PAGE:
Van Jackson, a former Pentagon official and North Korea expert, characterized the talks — and the spectacle surrounding them — as “a reality show.”
“This is the dramatization of diplomacy in a way that sabotages real diplomacy,” said Jackson, who currently teaches at Victoria University of Wellington in New Zealand. “What is there to say. Yes, Yongbyon would’ve been a stepping stone but a costless signal. But we can’t trust Trump is giving it to us straight; he’s a proven liar, so we can’t take what he says at face value.”
Jackson also noted that the North Koreans were not being upfront in their concessions, having previously shut down Yongbyon in 2008, “and less than a year later they tested a nuke.”
“The threat potential from North Korea comes from their stockpile of warheads, missiles and launchers,” he said. “That’s what needs to be addressed.”
Shutting down Yongbyon again, he said, would not have been “in any way evidence that they’re on the path to denuclearization.”
The president also acknowledged publicly that the U.S. was aware of more than one nuclear fuel enrichment site across the country, something he said had surprised the North Koreans.
Dismantling those sites — or at least acknowledging their existence — was likely high on the White House’s wish list.
Malcolm Davis, a senior defense analyst at the Australian Strategic Policy Institute think tank in Canberra, said the sites’ existence meant the North could dismantle Yongbyon and still continue to develop its nuclear capabilities with impunity.
Speculation had grown in recent weeks that the two sides would agree on a nonbinding declaration ending the 1950-53 Korean War, which was halted only with an armistice, as well as setting up liaison offices, diplomatic posts that are more limited than embassies. Both moves would have marked a large step in normalizing ties.
But the declaration, although symbolic, could have been spun by Trump as a major foreign policy victory as he faces mounting pressure at home over investigations into Russian meddling in the election.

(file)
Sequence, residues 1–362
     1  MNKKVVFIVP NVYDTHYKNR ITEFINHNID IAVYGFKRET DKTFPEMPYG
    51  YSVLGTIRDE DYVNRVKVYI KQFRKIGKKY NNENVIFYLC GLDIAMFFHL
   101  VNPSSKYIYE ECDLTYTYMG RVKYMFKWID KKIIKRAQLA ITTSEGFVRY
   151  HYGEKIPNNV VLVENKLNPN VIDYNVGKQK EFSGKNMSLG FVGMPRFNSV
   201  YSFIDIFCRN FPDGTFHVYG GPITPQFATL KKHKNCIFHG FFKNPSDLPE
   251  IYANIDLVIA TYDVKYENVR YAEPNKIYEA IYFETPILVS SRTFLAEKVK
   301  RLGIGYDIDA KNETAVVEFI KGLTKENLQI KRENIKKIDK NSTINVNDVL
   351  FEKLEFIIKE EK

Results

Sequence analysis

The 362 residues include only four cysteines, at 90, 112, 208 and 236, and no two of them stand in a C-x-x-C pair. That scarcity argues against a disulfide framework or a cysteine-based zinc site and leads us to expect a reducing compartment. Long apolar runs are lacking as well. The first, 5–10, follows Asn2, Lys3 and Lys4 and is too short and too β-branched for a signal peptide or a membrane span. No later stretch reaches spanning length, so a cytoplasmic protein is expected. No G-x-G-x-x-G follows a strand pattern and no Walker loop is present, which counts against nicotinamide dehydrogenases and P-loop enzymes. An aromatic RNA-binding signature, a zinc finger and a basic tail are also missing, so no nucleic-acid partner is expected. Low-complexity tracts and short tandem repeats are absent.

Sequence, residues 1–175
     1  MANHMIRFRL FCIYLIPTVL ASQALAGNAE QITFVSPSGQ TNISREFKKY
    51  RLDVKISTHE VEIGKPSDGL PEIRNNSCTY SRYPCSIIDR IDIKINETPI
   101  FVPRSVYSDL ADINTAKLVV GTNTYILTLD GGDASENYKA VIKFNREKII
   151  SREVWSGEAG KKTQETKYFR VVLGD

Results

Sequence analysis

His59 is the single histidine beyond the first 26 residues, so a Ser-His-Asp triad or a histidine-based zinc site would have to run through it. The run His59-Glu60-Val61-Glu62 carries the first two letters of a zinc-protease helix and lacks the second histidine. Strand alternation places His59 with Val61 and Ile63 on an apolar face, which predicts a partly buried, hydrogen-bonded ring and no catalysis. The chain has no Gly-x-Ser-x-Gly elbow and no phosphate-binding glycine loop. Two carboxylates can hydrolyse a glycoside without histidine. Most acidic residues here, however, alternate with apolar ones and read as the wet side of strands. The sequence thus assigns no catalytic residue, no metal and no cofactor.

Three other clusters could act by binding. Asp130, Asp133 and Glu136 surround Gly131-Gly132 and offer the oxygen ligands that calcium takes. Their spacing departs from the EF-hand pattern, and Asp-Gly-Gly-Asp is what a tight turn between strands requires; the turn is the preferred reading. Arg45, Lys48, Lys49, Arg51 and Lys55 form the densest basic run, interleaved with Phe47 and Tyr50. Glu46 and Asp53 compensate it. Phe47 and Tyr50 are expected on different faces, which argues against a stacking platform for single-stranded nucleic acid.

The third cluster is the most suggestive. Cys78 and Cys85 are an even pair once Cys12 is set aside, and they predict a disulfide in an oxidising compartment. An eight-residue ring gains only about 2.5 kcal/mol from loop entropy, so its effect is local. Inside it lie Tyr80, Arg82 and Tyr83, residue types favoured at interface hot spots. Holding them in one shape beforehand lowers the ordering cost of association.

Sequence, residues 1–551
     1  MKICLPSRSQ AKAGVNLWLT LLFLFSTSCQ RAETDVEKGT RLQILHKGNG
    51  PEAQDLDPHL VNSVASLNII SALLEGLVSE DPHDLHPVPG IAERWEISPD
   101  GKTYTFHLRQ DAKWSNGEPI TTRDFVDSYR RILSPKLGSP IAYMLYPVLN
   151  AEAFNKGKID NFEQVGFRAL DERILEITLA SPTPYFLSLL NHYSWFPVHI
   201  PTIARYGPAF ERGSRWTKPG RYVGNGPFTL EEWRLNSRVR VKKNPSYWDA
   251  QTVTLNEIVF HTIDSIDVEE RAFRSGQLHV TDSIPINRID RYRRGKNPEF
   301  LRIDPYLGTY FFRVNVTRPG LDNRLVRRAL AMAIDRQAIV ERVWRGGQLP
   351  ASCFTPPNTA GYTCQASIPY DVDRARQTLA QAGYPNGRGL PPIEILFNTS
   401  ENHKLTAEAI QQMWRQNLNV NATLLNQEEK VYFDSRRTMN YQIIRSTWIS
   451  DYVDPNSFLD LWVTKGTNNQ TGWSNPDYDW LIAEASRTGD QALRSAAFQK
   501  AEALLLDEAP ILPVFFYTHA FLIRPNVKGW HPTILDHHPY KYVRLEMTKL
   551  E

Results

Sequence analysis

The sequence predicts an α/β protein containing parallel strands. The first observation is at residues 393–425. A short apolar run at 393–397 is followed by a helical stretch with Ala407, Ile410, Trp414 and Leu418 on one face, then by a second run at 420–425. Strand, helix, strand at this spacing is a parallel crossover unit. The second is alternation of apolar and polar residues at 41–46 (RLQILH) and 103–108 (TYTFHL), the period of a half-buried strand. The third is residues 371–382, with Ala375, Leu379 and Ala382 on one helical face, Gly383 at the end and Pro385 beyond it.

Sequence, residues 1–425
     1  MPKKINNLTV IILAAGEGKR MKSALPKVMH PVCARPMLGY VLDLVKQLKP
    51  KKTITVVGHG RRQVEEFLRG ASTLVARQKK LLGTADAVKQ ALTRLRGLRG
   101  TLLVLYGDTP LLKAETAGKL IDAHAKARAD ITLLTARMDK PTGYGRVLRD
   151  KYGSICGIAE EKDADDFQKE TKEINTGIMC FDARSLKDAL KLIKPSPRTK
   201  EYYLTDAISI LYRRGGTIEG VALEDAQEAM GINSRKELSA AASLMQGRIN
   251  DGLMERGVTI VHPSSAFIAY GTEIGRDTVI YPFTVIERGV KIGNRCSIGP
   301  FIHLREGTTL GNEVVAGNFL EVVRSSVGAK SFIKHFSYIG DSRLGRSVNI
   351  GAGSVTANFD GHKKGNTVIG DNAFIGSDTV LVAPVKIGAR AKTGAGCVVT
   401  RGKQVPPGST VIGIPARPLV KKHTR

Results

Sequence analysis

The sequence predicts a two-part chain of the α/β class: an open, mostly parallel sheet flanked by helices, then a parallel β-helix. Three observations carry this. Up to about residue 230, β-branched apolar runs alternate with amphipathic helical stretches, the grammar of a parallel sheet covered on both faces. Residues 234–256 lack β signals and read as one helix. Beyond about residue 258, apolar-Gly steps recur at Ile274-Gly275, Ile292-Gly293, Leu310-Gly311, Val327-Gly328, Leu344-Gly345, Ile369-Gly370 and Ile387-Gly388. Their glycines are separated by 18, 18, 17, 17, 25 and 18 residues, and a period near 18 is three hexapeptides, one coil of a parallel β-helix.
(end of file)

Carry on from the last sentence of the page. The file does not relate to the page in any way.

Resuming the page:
Trump now returns to Washington just a day after the president’s former personal lawyer, Michael Cohen, described him as a “racist,” a “con man,” and a “cheat” — though he had told the truth when he said there had been “no collusion” with Russia — in bombshell testimony before Congress.
Victoria University of Wellington’s Jackson said that Trump was “clearly distracted by what’s going on with Cohen” during the negotiations.
“We could have President Pence by the end of the year, and Trump knows it,” he said, referring to Vice President Mike Pence. “If that’s your mindset, who cares about diplomacy with Kim Jong Un, especially when Kim wants sanctions relief that you probably can’t give.”
As for the possibility of future talks, Trump did not rule out that they could happen, but noted pointedly that there was no timeline. Still, he said the summit had ended amicably with a handshake before the two leaders departed.
“There’s a warmth that we have,” Trump said, adding that the two sides were “positioned to do something very special.”
Pompeo also attempted to put a positive spin on the events, saying “the departure was with an agreement” that the two sides would continue negotiations, and that they are “closer” to an eventual deal.
Earlier in the day, Trump had touted his discussions with Kim, stressing that he was in “no rush” to push the North to relinquish its nuclear weapons program and emphasizing that his administration had switched tack from demanding the North quickly give up its nukes to taking a “longer-term” approach.